Book Review: The Wood’s Edge

26 May

At the wood’s edge cultures collide. Can two families survive the impact?
 
The 1757 New York frontier is home to the Oneida tribe and to British colonists, yet their feet rarely walk the same paths.
 
On the day Fort William Henry falls, Major Reginald Aubrey is beside himself with grief. His son, born that day, has died in the arms of his sleeping wife. When Reginald comes across an Oneida mother with newborn twins, one white, one brown, he makes a choice that will haunt the lives of all involved. He steals the white baby and leaves his own child behind. Reginald’s wife and foundling daughter, Anna, never suspect the truth about the boy they call William, but Reginald is wracked by regret that only intensifies with time, as his secret spreads its devastating ripples.
 
When the long buried truth comes to light, can an unlikely friendship forged at the wood’s edge provide a way forward? For a father tormented by fear of judgment, another by lust for vengeance. For a mother still grieving her lost child. For a brother who feels his twin’s absence, another unaware of his twin’s existence. And for Anna, who loves them both — Two Hawks, the mysterious Oneida boy she meets in secret, and William, her brother. As paths long divided collide, how will God direct the feet of those who follow Him?

Lori Benton was born and raised east of the Appalachian Mountains, surrounded by early American and family history going back to the 1600s. Her novels transport readers to the 18th century, where she brings to life the Colonial and early Federal periods of American history, creating a melting pot of characters drawn from both sides of a turbulent and shifting frontier, brought together in the bonds of God’s transforming grace.

Lori’s debut novel, Burning Sky, earned the 2014 Christy Award for First Novel, Historical, and Book of the Year.

My Impressions:

The Wood’s Edge by Lori Benton sat on my shelf waaay too long! Ever since reading her excellent debut novel, Burning Sky, I knew I had to read more of her books. But alas, the TBR pile reaches to the rafters. So to make sure I would move this worthy book up to the top of the pile, I convinced my book club to make it one of our 2017 selections. And am I ever glad! The Wood’s Edge is another well-crafted and researched historical novel that I would recommend to anyone. The only drawback, if you can call it that, is that there is a sequel, A Flight of Arrows. Now to influence my book club to add it . . . .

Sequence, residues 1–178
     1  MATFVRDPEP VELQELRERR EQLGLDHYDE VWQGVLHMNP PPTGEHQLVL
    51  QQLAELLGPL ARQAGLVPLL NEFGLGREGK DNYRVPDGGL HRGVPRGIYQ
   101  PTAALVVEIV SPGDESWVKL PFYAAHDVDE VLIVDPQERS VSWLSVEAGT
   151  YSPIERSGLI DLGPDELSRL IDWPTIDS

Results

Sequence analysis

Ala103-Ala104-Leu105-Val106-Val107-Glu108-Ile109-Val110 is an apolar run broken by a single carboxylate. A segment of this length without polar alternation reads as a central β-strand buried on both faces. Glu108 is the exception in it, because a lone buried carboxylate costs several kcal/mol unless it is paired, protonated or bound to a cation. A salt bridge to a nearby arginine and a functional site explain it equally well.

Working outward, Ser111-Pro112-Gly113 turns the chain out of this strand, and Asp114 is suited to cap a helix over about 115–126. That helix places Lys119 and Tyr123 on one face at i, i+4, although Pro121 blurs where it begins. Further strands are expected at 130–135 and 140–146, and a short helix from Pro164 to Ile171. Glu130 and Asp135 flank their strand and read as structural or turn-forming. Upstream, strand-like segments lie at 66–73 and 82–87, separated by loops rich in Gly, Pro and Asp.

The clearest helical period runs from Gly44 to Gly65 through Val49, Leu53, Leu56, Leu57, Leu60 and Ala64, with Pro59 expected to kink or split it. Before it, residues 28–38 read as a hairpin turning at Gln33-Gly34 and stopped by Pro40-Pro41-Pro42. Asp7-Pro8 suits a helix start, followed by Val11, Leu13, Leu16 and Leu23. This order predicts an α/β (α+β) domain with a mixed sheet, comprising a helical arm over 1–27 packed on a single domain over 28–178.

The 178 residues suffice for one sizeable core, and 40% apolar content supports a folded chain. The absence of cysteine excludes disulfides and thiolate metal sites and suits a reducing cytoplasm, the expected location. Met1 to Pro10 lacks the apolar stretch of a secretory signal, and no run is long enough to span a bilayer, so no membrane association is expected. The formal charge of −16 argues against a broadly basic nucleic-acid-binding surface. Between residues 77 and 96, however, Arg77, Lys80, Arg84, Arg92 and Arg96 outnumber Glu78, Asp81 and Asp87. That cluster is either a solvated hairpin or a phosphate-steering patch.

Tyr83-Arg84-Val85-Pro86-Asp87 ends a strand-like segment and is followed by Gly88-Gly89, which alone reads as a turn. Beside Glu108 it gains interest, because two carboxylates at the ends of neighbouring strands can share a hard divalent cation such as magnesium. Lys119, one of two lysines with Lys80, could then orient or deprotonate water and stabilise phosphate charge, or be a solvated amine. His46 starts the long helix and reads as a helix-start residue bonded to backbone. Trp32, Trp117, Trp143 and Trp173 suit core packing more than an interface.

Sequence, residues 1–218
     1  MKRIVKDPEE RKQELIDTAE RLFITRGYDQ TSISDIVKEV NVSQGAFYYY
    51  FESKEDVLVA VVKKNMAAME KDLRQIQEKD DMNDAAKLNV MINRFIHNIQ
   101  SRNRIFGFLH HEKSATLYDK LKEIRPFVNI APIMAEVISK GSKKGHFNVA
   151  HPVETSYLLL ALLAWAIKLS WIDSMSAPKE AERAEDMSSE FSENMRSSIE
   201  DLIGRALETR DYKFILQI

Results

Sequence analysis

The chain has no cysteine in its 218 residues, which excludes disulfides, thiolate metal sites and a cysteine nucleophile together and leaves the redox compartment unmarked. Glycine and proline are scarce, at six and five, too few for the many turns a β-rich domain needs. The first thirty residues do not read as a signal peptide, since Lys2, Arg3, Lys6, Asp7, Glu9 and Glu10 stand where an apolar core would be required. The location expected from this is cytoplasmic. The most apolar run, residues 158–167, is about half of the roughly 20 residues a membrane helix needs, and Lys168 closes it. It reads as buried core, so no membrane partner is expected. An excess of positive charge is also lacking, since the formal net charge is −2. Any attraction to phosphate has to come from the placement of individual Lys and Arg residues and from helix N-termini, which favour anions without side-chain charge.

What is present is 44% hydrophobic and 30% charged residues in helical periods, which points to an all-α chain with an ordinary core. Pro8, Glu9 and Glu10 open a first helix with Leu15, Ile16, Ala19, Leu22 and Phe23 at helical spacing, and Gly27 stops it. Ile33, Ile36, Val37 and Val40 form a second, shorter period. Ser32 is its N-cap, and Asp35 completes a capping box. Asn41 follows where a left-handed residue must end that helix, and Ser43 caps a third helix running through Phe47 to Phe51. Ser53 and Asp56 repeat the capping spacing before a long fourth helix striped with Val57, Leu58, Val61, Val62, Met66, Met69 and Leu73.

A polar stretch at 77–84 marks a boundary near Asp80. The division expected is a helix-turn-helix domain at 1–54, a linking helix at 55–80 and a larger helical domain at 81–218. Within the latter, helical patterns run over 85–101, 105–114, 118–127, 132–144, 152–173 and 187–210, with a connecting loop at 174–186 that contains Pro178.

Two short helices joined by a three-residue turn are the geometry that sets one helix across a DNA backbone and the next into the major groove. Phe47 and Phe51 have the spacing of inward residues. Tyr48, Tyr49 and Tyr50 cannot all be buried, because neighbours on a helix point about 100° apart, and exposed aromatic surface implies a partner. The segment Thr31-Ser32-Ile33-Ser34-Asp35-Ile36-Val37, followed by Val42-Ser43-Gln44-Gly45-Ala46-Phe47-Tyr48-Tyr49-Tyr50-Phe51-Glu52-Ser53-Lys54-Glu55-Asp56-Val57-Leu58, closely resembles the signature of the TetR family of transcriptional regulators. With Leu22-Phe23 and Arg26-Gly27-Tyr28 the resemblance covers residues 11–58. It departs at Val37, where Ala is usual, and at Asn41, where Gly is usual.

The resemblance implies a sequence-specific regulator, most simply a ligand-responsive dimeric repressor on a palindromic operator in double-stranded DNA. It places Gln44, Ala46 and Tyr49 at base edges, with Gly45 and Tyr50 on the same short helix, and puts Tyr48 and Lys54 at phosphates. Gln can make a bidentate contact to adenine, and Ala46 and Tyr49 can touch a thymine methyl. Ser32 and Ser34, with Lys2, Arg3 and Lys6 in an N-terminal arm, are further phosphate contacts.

The setting of The Wood’s Edge is the New York frontier in the 20 years leading up to the Revolutionary War. A lot happens in that time — the culmination of the French And Indian War, the expansion of the white settlers into previously held Indian lands, and the growing dissent of the colonials with His Majesty’s governance. World changing events. But for two families, one white and one Indian, their worlds are changed by the switching of two babies during the siege of Fort William Henry. As one family grieves and vows vengeance, another is haunted by guilt that cannot be confessed. As the colonies march towards war, the two families are on a collision course that can shatter more than one life.

I love when a novel teaches me. I learned so many things about colonial life, the make-up of early Native American society, and the efforts of missionaries to bring the gospel to the the Six Nations of The Iroquois Confederacy. The Wood’s Edge is so well-written, that I felt I had stepped back in time as I immersed myself in the story. Characters, true to the time period, are complex, real, relatable, and relevant for the modern reader. None are perfect, but have flaws and sins common to us all. The female characters are especially strong and are vital to the story. The theme of undeserved grace runs throughout the narrative and is beautifully portrayed in more than one character. I believe this book will create great conversation at my book club.

I highly recommend The Wood’s Edge to anyone looking for a thoughtful and thought-provoking novel. For fans of early American history, this book is a must read!

Highly Recommended.

Great for book clubs.

Audience: adults.

To purchase this book, click HERE.

(I won this book in a giveaway. All opinions expressed are mine alone.)

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